Number of mutations identified in the primary lesion.

Figure 1: Number of mutations identified in the primary lesion. (A) Deep sequencing of the samples revealed the number of mutations to be 11.1 ± 3.3 and 2.7 ± 0.4 with AF ≥ 1% and AF > 20%, respectively. Red bar indicates number of mutations with AF ≥ 20%. Blue bar indicates number of mutations with the limitation 20 > AF ≥ 1%. †, small cell carcinoma; #, large cell neuroendocrine carcinoma; Ad, adenocarcinoma; Sq, squamous cell carcinoma. (B) Squamous cell carcinoma contained significantly larger number of significant mutations with AF ≥ 20%, compared to adenocarcinoma. Ad, adenocarcinoma; Sq, squamous cell carcinoma; ※, p < 0.05. (C) Smokers had significantly larger number of significant mutations with AF ≥ 20% than non-smokers. ※, p<0.05.

Functional pathways of mutations found in lung cancers

The significant mutations (AF ≥ 20%) that were detected in all 30 patients are shown in Figure 2 (Supplementary Tables 1 and 2). Although point mutations were most prevalent in general, frameshift and nonsense mutations were also frequently detected in tumor suppressor genes such as RB1, PTEN, and TP53. A comparison of the frequency of mutations in the functional pathways revealed that the RAS and TP53 pathways were affected in >50% of the cases, and that the frequency was significantly higher in these pathways than in the others (Supplementary Figure 1A). When the frequencies of the affected pathways were compared between adenocarcinomas and SCCs, the RAS pathway was found to be affected significantly more frequently in adenocarcinomas, while the chromatin remodeling, epigenetic, transcription, and TP53 pathways were affected significantly more frequently in SCCs (Supplementary Figure 1B). A comparison of cancers in smokers and non-smokers showed that the epigenetic pathway was affected significantly more frequently in lung cancers in smokers than non-smokers (Supplementary Figure 1C).

Lung cancer mutation profiles.

Figure 2: Lung cancer mutation profiles. Most cancers had more than one mutation and involved several different functional pathways. Case No. indicates the number of the corresponding case in Figure 1A.

Frequency of the ctDNA mutations in the different sampling sites

Using the mutations detected in the primary lesion as markers, we sought to detect identical mutations in the blood and BM fluid samples. In five of the 30 patients, identical mutations were detected in the ctDNA of Pul.V, and Peri.B plasma, and individual tumors released more than one type of ctDNA mutation (Table 1 and Figure 3A-3E). Identical mutations were not detected in the cell fractions or BM fluid. The AFs of the identical mutations detected in these five cases were compared among the primary lesion, Pul.V plasma, Peri.B plasma, supernatant of the BM suspensions, and cell fractions. Tumor DNA mutations were detected in three of these, the primary lesion, the Pul.V plasma, and the Peri.B plasma. The AF gradient for all the mutations was highest in the samples from the primary lesion, followed by that for mutations in the Pul.V plasma and then, the Peri.B plasma. Eighteen and 11 mutants were detected in the Pul.V plasma and Peri.B plasma samples, respectively (Table 1). Furthermore, of the 18 mutants detected in the Pul.V plasma samples, seven (38.9%) were not detected in the Peri.B plasma samples. Considering the primary tumor as 100%, the frequencies of the mutations were as follows: Pul.V plasma, 20%; Peri.B plasma, 11%; Pul.V pellet, 0%; Peri.B pellet, 0%; BM supernatant, 0%; and BM pellet, 0% (Figure 3F).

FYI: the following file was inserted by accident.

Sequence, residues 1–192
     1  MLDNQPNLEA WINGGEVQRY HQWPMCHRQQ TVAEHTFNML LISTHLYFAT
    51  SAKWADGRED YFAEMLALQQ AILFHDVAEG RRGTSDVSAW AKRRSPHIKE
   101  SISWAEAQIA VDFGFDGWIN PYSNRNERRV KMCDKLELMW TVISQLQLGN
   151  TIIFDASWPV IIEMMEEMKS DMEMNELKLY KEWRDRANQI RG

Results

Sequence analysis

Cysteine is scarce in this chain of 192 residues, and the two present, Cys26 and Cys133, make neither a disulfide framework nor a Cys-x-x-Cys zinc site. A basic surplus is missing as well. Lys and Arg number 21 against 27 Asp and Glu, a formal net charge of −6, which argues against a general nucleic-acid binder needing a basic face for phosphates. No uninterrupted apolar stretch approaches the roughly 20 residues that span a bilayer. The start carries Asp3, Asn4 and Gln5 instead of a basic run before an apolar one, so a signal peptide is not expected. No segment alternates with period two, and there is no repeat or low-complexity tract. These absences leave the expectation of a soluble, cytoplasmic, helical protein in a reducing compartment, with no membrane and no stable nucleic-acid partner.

Table 1: Allele fractions of circulating tumor DNA detected in the samples

Case

Case No. in Supplementary Table 1

Histology

Gene

Primary lesion

Pul.V Plasma

Pul.V Buffy

Peri.B Plasma

Peri.B Buffy

BM.sup

BM.ppt

 

 

 

TP53

85.0%

37.0%

-

19.0%

-

-

-

EGFR

75.0%

15.0%

-

11.0%

-

-

-

HRAS

59.0%

19.0%

-

7.0%

-

-

-

EP300

48.0%

15.0%

-

6.0%

-

-

-

1

27

Sq

COBL

34.0%

-

-

-

-

-

-

ATM

25.0%

-

-

-

-

-

-

EP300

25.0%

-

-

-

-

-

-

KMT2D

22.0%

-

-

-

-

-

-

MET

21.0%

-

-

-

-

-

-

2

19

Ad

KRAS

97.0%

76.0%

-

55.0%

-

-

-

TP53

86.1%

15.0%

-

10.0%

-

-

-

SETD2

61.1%

-

-

-

-

-

-

TP53

53.1%

2.3%

-

0.4%

-

-

-

3

21

Sq

PIK3CA

41.5%

3.3%

-

-

-

-

-

MGA

37.3%

3.9%

-

-

-

-

-

CREBBP

37.0%

4.1%

-

-

-

-

-

KMT2D

34.9%

4.0%

-

-

-

-

-

KEAP1

93.8%

3.7%

-

1.9%

-

-

-

RB1

89.1%

3.0%

-

-

-

-

-

MGA

87.8%

7.5%

-

2.8%

-

-

-

4

29

Small

SETD2

78.5%

1.6%

-

1.0%

-

-

-

KMT2D

32.1%

2.0%

-

0.8%

-

-

-

TP63

25.5%

0.9%

-

-

-

-

-

NOTCH1

22.3%

-

-

-

-

-

-

NF1

50.3%

-

-

-

-

-

-

NRAS

48.6%

-

-

-

-

-

-

5

24

Sq

ARID2

45.0%

-

-

-

-

-

-

NFE2L2

43.7%

2.0%

-

-

-

-

-

EP300

40.9%

-

-

-

-

-

-

KMT2D

29.1%

-

-

-

-

-

-

Analysis of the ctDNA distribution pattern.

Figure 3: Analysis of the ctDNA distribution pattern. (A-E) In 5 of the 30 patients, ctDNA was detected in the Pul.V and Peri.B plasma. Tumor DNA was not detected in the cell fractions or BM fluid, but was detected in three types of samples; the primary lesion, Pul.V plasma, and Peri.B plasma. Among these three samples, the gradients of AF for each mutation were always concordant, as follows. Primary lesion > Pul.V plasma > Peri.B plasma. Panels A–E correspond to Cases 1–5 in Table 1. (F) Compiling the data of these 5 patients, the allele fraction in the primary lesion was found to be significantly higher than that in the other 6 specimens. ※, p < 0.05. Assuming the primary tumor to be 100%, the frequencies of the mutations were as follows: Pul.V plasma, 20%; Peri.B plasma, 11%; Pul.V pellet, 0%; Peri.B pellet, 0%; supernatant of BM, 0%; and pellet of BM, 0%.

Correlation between the frequency of tumor-derived DNA in the primary lesion and that in the ctDNA